About this blog:

This blog will feature tasting notes, reviews, distillery visits and whisky news with focus mainly on Scottish single malts. This will sometimes be accompanied by politically incorrect (whisky) opinions. You have now been warned! :-)
The views expressed here are entirely my own, unless otherwise stated.

Sunday, 18 October 2015


Phew, time flies and personal stuff has lately interfered with my writing a bit more than I'd like, making my reviews a bit sporadic lately. Anyway, Let's skip straight on to the next Cadenhead bottling.

When I first started drinking whisky around Y2K, I remember trying Laphroaig 10 and Lagavulin 16 and thinking that Islay whisky wasn't for me... However, I had not yet made the acquaintance with Bruichladdich and to be honest I'm not quite sure when I did except it was around 2003/2004, which means it was some 3-4 years into my whisky journey.

Back then I fell in love with the 10yo and 15yo 1st edition even though both Laphroaig, Lagavulin and Ardbeg had also already made their way onto my drink list by that time. It would then be another 3 years before I visited Islay and Bruichladdich for the first time (2007) and since then I've been back to Islay 4 more times 08, 09, 11 and May 2015.

In May I brought a bottle of 1966 40yo Bruichladdich bottled by Duncan Taylor with me to Islay to drink while we were there - seems only fitting a bottle like this goes 'home' to end its days, yes? :-) you can read my review of that bottling by clicking here.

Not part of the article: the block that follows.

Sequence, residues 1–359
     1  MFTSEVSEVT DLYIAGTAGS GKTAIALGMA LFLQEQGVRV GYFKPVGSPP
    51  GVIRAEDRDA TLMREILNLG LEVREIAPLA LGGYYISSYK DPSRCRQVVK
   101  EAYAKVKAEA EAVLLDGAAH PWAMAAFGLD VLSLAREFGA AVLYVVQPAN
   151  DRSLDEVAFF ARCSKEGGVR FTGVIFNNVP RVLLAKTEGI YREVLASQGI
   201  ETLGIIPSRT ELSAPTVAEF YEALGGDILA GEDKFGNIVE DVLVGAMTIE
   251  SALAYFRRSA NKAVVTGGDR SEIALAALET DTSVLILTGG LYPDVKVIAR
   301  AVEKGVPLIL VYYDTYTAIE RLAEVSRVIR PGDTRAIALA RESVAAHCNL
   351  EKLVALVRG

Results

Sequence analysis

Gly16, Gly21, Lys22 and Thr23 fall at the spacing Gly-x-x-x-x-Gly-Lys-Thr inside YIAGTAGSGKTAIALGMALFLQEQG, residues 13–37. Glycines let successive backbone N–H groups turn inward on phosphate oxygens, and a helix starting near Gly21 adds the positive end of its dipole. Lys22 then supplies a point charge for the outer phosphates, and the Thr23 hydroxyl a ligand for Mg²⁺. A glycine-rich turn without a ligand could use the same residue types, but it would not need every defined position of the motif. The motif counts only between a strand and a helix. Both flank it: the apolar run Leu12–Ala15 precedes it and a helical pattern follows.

Anyway, back to the 1991 from Cadenhead. This is a bottling from the Authentic Collection-series, which means its a single cask-bottling.

Distilling Port Charlotte at Bruichladdich, October 7th 2008 © The Malt Desk

Bruichladdich 1991 21yo (xx.xx.1991/xx.10.2013) 52,1%, ex-bourbon hogshead, 176 bottles, Cadenhead Authentic Collection

Colour is pale straw

This noses like classic bourbon matured B'Laddich. It also feels like that the cask hasn't been all that active. Its all very fresh and malty long with vanilla, apple tart leaning towards citrus (grape fruit?) notes. It also reveals a slight floral note, some mineral and cooking oil notes + the tiniest hints of peat.

I think my suspicions about a fairly inactive cask sticks. The arrival is very mellow and pleasing with soft white fruit (apple, melon), truckloads of malt, some licorice and barley sugar. The finish is almost entirely malt driven with a slight salty burst and a herbal edge at times.

This is maybe not the most complex of malts, but just drinks so incredibly well and that counts for something in my book too. I'd say it one of those malts you'd pour a large dram of, when you need to relax after a busy week.


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